We might ask what the Holy Family has to do with student life and the domain of the University. Is this not the time when young adults typically step out from the shelter of family life, and encounter the ‘big wide world’ as independent and autonomous individuals – an intermediate stage when one is no-longer-a-child and not-yet-a-parent?*
*Those students who are also parents will have to forgive me for this generalisation!
All this is true, and yet, after decades of contact with students, Auckland Catholic Tertiary Chaplaincy (ACTC) took on the motto ‘Home away from home’ because at university there is a clear need for a new form of family, based not on biology and dependence but on … well, something else.
I believe we can take much inspiration from the Holy Family as we ponder what this ‘something else’ might be. Before revealing himself to the world, Jesus spent 30 years living an ordinary family life. The fact that we know almost nothing about this time does actually teach us something. It shows how much God values the ordinary, silent, mundane, habitual, and hidden things of human existence. It was in all these ordinary things that the Son of God remained in total communion with His Father, where every moment presented an opportunity to contemplate the divine mystery. The world, it shows us, is at each moment presenting us with the imprint of God’s hand, if we have eyes to see. So, what unites us here at the chaplaincy, what makes us a kind of ‘family’, is not a kinship of blood or culture, but a sense that the world is like a great book to be explored together, and that our lives are an ongoing search for meaning and a mutual exchange of wisdom.
What does this look like at ACTC? At first glance it is a free space for people to meet to develop friendships, to study, to discuss ideas, to ask questions. We aim to be as hospitable as possible which is why we provide free high quality coffee (and tea), a well-stocked fridge and pantry, as well as home-baking, regular social events and the famous Tuesday gourmet lunch. For those wishing to go deeper we have a chapel where Mass is offered twice a week, and every weekday at 11:30am there is half an hour of contemplative prayer known as ‘Adoration’.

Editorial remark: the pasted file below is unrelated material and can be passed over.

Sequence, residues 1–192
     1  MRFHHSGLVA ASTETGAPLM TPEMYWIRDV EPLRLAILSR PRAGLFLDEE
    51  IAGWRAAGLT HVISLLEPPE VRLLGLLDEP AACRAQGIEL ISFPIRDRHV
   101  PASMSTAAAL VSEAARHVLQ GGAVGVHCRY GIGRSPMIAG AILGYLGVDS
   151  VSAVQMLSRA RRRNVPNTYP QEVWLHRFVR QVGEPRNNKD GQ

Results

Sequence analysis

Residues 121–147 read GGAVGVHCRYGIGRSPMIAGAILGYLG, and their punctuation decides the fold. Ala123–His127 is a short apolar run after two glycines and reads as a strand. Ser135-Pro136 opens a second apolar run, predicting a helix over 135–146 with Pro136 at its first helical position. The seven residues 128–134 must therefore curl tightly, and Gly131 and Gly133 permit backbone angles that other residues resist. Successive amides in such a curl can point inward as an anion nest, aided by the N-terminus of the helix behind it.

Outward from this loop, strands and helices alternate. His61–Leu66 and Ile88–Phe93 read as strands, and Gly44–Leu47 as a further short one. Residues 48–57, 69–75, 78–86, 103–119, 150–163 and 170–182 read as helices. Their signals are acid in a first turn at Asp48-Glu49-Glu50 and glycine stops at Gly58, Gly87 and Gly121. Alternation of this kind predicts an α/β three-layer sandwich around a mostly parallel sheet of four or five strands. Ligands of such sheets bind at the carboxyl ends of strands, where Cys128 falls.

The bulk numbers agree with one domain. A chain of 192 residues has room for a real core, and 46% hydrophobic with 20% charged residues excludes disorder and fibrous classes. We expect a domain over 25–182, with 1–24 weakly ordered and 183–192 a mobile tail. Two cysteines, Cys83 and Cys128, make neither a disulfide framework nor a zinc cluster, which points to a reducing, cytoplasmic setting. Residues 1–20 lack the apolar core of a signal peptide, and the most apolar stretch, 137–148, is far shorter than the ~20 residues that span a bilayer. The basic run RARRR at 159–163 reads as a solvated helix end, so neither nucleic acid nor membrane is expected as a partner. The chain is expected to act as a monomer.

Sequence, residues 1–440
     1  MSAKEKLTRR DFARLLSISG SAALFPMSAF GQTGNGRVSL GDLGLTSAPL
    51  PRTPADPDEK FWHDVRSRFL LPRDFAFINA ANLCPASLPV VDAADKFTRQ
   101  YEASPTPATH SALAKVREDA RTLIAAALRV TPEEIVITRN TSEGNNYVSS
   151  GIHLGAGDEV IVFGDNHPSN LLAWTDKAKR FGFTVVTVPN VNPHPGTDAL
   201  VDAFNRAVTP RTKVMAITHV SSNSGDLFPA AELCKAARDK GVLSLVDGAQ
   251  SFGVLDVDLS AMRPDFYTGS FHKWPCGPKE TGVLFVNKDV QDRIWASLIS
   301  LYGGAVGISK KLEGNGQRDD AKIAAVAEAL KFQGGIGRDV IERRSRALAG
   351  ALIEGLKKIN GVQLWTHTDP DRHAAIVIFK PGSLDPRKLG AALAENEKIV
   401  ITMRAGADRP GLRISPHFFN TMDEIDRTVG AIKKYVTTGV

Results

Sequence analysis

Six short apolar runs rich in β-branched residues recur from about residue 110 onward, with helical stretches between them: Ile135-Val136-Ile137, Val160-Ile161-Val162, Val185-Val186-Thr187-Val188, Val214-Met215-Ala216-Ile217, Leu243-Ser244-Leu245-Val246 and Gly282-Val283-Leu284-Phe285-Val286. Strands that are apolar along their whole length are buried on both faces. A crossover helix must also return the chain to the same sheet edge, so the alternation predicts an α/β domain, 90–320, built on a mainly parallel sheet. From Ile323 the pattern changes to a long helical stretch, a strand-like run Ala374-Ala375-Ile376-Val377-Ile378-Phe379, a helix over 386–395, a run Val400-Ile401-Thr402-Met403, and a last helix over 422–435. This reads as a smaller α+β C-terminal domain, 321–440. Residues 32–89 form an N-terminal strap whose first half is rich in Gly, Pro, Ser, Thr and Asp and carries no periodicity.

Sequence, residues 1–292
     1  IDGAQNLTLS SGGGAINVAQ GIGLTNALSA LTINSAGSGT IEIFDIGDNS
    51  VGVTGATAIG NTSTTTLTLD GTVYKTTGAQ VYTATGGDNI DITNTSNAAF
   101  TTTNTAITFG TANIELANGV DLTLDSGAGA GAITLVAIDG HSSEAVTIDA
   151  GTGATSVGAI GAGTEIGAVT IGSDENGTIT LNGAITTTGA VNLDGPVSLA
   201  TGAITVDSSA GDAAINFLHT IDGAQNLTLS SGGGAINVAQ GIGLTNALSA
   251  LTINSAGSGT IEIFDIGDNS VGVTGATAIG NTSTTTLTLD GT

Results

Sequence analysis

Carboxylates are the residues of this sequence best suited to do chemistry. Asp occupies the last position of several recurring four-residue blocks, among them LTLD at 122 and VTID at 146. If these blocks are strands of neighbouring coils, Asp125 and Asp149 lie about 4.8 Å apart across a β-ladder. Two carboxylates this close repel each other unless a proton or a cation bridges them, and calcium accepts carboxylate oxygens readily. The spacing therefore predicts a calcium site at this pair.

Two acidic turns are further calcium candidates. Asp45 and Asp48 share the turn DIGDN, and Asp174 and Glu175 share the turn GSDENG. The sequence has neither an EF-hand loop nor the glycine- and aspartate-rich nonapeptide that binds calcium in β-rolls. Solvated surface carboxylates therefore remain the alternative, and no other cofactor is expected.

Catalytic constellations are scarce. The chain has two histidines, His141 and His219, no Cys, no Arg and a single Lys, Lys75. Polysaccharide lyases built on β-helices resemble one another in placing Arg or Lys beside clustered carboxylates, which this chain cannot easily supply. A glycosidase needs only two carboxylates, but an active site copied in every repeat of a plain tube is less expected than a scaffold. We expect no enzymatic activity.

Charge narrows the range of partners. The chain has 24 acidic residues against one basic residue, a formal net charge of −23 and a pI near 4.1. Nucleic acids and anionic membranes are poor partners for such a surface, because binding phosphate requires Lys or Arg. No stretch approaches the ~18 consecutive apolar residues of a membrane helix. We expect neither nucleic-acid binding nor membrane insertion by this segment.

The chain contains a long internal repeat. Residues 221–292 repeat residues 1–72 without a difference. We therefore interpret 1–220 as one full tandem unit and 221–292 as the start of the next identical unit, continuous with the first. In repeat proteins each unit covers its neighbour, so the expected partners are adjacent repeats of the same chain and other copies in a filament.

In Adoration we have the chance to encounter Jesus in a way that is similar to His existence at Nazareth – silent, hidden, ordinary, and yet (can we believe?) bursting with transformative power and a personal love that reaches to the core of each one of us. It is there, spending time in His gaze, where we find the Source of all meaning and wisdom, and where our eyes are adjusted to better perceive God’s creative imprint in the world.
Just as the bonds of family strengthen over long stretches of time, Adoration is about spending time with Jesus, reordering our priorities, and making silent prayer a deeply entrenched habit. We will be introducing music and scripture (chosen by the students) at the beginning and the end of Adoration to help people find a ‘way in’ to this form of prayer – music in the service of silence and the senses in the service of the spirit.
Jesus, have mercy on us!
Mary and Joseph, pray for us!